Blog Post

What CSPs Can Learn from the Latest DDoS Attacks

By Craig Sprosts, Vice President, Product Management & Strategy

Posted on October 24, 2016 in: General, Security

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On Friday, October 21, 2016, there was a major distributed denial of service (DDoS) attack that took down major U.S. company websites, including Twitter, Paypal, The New York Times, Box, Netflix and more. The attack targeted managed DNS provider Dyn Inc., which hosts the authoritative DNS for these popular domains. The attack originated from a large number of compromised IoT devices, including internet-connected cameras, routers and digital video recorders.

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Blog Post

Examining the Long-Tail of DNS Queries: A Hotbed of Cybercriminal Activity

By Yuriy Yuzifovich, Head of Data Science and Security

Posted on October 11, 2016 in: General, Security

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Data scientists put in a tireless amount of work tracking cybercriminals—from specific individuals to entire organizations—looking at their behavior and the methods through which they attempt to compromise data. Because DNS is a ubiquitous protocol that’s used for most internet interactions, it also provides fertile ground for cybercriminals to launch malware. Nominum Data Science examines massive volumes of DNS data—100 billion queries daily—to detect anomalies and uncover the patterns of malicious code authors before other security experts.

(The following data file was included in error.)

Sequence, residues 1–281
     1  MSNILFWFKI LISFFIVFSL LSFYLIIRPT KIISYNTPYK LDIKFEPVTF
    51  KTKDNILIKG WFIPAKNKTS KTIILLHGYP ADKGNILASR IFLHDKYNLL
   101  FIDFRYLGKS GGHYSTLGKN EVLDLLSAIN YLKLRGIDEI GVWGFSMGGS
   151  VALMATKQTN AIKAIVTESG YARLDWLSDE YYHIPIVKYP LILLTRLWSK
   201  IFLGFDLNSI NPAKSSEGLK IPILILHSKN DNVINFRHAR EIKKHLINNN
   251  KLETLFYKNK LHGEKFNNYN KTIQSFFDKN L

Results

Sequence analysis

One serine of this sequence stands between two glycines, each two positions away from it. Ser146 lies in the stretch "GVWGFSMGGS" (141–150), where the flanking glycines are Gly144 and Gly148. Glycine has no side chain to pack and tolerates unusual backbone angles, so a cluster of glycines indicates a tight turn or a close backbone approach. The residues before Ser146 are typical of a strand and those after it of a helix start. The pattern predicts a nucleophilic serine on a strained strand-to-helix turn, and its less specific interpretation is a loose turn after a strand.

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Blog Post

Unlocking Locky

By Mikael Kullberg, Nominum Data Science

Locky

Posted on June 2, 2016 in: General, Network, Security

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Locky is a new cyberthreat that has received a lot of attention in security circles over the last few months because it has been unusually successful. Locky is advanced ransomware that encrypts a person’s files and holds them for ransom. It uses a number of different technologies to avoid being detected or blocked and takes great care to hide its path back to the attackers. The code is obfuscated to avoid detection by antivirus and malware software. The blackmailers communicate through TOR and only accept Bitcoin as payment, making it nearly impossible to discover who they are.

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